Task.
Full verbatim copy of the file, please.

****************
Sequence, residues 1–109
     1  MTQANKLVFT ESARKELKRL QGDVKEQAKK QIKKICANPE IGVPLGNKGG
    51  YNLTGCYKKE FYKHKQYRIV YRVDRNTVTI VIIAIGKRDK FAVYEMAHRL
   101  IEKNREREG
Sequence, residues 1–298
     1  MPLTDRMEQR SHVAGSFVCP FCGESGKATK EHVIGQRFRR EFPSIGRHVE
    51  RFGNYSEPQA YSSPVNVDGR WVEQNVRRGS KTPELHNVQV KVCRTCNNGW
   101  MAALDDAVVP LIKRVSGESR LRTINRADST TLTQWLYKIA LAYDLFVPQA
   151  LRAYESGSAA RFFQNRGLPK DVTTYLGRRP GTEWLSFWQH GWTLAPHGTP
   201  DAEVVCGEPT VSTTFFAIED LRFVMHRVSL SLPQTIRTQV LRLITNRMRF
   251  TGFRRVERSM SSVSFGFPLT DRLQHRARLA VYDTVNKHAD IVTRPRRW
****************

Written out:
Sequence, residues 1–109
     1  MTQANKLVFT ESARKELKRL QGDVKEQAKK QIKKICANPE IGVPLGNKGG
    51  YNLTGCYKKE FYKHKQYRIV YRVDRNTVTI VIIAIGKRDK FAVYEMAHRL
   101  IEKNREREG
Sequence, residues 1–298
     1  MPLTDRMEQR SHVAGSFVCP FCGESGKATK EHVIGQRFRR EFPSIGRHVE
    51  RFGNYSEPQA YSSPVNVDGR WVEQNVRRGS KTPELHNVQV KVCRTCNNGW
   101  MAALDDAVVP LIKRVSGESR LRTINRADST TLTQWLYKIA LAYDLFVPQA
   151  LRAYESGSAA RFFQNRGLPK DVTTYLGRRP GTEWLSFWQH GWTLAPHGTP
   201  DAEVVCGEPT VSTTFFAIED LRFVMHRVSL SLPQTIRTQV LRLITNRMRF
   251  TGFRRVERSM SSVSFGFPLT DRLQHRARLA VYDTVNKHAD IVTRPRRW